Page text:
The Illinois Freedom of Information Act, enacted in 1989 and recently updated in 2010, is a series of laws designed to guarantee that the public has access to public records of government bodies at all levels in Illinois. The updates effective in 2012 greatly strengthened the act. The law requires each public agency to nominate an officer to be the official keeper of public records, as well as complete an online training course, established by the attorney general. The act defines public records as all records, reports, forms, writings, letters, memoranda, books, papers, maps, photographs, microfilms, cards, tapes, recordings, electronic data processing records, recorded information and all other documentary materials under the control of any public body.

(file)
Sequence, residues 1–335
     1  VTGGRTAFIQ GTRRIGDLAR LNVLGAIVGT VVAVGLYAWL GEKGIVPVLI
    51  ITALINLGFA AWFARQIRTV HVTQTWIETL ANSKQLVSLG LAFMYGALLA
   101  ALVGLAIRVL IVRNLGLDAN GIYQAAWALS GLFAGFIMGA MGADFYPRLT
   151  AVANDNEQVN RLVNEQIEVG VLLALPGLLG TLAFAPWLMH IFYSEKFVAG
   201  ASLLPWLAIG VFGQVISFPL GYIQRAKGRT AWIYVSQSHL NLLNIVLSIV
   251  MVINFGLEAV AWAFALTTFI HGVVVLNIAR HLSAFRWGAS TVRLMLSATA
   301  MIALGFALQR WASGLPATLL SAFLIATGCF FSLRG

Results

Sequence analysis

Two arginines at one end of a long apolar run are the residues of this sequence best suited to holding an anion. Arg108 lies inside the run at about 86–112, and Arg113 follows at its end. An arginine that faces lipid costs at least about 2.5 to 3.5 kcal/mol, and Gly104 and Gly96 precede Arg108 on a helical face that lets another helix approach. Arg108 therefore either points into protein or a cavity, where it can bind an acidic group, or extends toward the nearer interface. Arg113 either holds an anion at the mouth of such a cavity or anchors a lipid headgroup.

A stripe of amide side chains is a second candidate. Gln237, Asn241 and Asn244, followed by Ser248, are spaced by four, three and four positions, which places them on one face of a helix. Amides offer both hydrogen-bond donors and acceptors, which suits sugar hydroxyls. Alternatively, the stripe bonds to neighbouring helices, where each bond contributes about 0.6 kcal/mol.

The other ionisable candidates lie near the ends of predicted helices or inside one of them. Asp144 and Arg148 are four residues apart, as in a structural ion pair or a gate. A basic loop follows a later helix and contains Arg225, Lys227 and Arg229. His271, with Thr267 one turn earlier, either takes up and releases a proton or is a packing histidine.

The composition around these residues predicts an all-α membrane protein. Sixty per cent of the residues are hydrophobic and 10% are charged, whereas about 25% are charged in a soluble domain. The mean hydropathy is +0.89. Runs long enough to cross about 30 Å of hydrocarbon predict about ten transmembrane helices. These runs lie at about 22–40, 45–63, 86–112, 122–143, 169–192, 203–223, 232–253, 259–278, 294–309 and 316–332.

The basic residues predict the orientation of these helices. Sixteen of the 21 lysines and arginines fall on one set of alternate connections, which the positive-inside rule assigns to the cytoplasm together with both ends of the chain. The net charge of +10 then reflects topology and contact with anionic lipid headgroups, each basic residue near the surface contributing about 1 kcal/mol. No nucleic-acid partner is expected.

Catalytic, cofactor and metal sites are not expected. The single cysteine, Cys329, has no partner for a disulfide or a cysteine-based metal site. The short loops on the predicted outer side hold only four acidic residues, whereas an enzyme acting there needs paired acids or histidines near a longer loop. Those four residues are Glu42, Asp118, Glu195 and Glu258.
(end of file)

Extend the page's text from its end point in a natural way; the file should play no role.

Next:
Anyone can request public documents but the Illinois Freedom of Information Act is not supposed to be used to further a commercial enterprise, violate individual privacy, or disrupt the day-to-day working of the public body. Government agencies must either comply with or deny a written request for public records within five working days after receiving it.
We the People have a Right to Know according to the Supreme Court of the United States [SCOTUS], past Presidents (of both major political parties), Congress, and the United States Department of Justice. As an expression of that Right to Know, we have coordinated valuable information from a number of resources into a single, public-facing, searchable database.